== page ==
Sep 25, 2021
3 mins read
In 1976 I returned to New York from a university year in Japan, and got a job in one of Manhattan’s two Japanese bookstores at the time. The Zen Japanese Bookstore (which had nothing “zen” about it) sold books, magazines, and offered magazine subscriptions, as this was back in the days of pre-internet yore when people had no choice but to get specialty magazines by snail mail (which we called “mail” back then.)
Upstairs was a tiny cafe that sold Japanese- style coffee and “Castella,” a kind of Japanese sponge cake introduced by Portuguese merchants in the 16th century before the shogunate closed the country to foreigners entirely. I would often eat my bag lunch upstairs in the cafe (more than once only a few yards from John Lennon and Yoko Ono who’d stop in — another story for another time.) There were also small gifts on sale, and art on the walls. In an age where we can buy anything in seconds from the palm of our hands, it’s perhaps hard to see how unique and special this was.
Next door was a casual Japanese restaurant. The cook and wait staff, who’d become friends of my co-workers, would come over during their afternoon break and read the magazines for free, with a “just browsing” air.
One day one of the waitresses rushed over rather breathlessly. “Mick Jagger is back!” Apparently he was an occasional customer when in Manhattan. The response? “What did he order to eat?!” Not “who’s he with?” or “what’s he wearing?” or “When was the last time he came?” Everyone wanted to know what he was eating. Apparently when it comes to celebrities and food, the whole world is Jewish. And in case you are curious, it was katsudon, breaded pork cutlet served over a big bowl of rice, which on the other hand, is very much not Jewish.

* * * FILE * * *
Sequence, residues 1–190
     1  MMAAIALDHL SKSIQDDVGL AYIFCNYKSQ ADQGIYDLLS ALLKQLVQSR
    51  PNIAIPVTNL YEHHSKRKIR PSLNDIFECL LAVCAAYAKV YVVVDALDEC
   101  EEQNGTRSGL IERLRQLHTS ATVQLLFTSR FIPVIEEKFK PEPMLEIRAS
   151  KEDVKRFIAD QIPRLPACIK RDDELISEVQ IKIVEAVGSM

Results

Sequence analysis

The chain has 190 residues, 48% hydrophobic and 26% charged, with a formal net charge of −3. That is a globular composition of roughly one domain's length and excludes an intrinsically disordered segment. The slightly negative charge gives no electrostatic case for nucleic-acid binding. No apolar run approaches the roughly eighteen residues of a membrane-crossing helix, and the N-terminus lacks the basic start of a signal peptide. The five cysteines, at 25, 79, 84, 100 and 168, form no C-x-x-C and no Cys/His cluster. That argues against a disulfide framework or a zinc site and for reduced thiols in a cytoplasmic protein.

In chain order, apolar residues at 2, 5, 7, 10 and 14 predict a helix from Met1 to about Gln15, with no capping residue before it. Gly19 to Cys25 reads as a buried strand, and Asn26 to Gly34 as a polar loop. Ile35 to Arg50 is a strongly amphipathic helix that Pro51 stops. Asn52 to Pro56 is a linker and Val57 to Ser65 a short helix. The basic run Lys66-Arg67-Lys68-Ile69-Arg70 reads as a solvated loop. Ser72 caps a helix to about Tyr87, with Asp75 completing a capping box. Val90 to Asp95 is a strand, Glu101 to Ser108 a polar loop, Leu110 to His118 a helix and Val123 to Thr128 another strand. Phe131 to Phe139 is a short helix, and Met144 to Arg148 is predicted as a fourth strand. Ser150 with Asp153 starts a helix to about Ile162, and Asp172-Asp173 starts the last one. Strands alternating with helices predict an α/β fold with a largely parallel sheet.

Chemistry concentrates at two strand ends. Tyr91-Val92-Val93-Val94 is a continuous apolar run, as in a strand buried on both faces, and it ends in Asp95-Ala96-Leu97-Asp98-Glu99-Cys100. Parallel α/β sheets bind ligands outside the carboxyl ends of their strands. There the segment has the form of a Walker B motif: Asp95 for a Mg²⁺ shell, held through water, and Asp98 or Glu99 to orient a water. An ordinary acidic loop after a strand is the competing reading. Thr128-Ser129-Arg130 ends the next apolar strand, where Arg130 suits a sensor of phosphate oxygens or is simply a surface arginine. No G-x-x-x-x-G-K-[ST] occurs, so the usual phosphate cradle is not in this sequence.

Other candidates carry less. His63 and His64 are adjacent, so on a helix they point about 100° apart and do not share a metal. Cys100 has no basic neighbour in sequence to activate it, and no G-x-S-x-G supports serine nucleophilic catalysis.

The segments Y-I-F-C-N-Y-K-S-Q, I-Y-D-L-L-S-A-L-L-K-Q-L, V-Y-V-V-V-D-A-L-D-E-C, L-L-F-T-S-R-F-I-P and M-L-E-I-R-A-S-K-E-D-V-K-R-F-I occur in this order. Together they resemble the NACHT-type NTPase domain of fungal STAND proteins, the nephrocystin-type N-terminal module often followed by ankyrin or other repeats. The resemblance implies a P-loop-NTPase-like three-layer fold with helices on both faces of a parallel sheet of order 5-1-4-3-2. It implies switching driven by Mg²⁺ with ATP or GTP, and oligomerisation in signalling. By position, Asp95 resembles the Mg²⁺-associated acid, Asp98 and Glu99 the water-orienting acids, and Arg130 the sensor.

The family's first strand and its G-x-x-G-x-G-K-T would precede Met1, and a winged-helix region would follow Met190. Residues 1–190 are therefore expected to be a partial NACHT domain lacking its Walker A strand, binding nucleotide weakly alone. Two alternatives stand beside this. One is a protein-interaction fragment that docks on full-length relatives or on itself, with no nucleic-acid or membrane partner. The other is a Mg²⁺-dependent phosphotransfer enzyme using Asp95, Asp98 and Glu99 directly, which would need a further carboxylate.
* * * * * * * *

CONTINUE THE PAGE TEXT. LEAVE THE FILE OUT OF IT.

And then he popped into our store big as life, wearing (because maybe you would have asked what he was wearing instead of “what was he eating?”) a huge crazy fur coat. He went upstairs and dropped what seemed to me a lot of money at the time on the little gifts we sold, and then came down to the bookstore.
I purposely went over to the vicinity where he was perusing the shelves, in part because I actually, really, truly, had book arranging work, but ok, also because I was very curious about what he was looking for. Truth be told, I was kind of nervous. Then he turned to me and asked,
“Excuse me, do you work here?” And at that moment — I know not how or from where — a wave of utter cool came over me. Calm, confident, casual. “Yes, can I help you find something?” (WHO is this?)
Mick Jagger was shopping for Chinese cookbooks. I am quite certain he had no intention of actually using them himself, as he specifically told me he wanted books that were easy for someone with limited English. Ah, to have household staff!
I rang up his bill, and then came the moment of truth. Do I act like an utter dweeb and ask for an autograph? Or pretend I hobnob with major celebrities all the time? Screw it, I thought. He gets asked this all the time and will forget all about me in less than 30 seconds, but I’ll have a major rock star’s autograph. I grabbed a store-branded bookmark, and got my signature, along with a warm smile, a thank you, and a cheery “Merry Christmas.”
And with that, Mick Jagger was out the door, with a bag full of Japanese tchotchkes and Chinese cookbooks. I hope someone cooked him up a feast.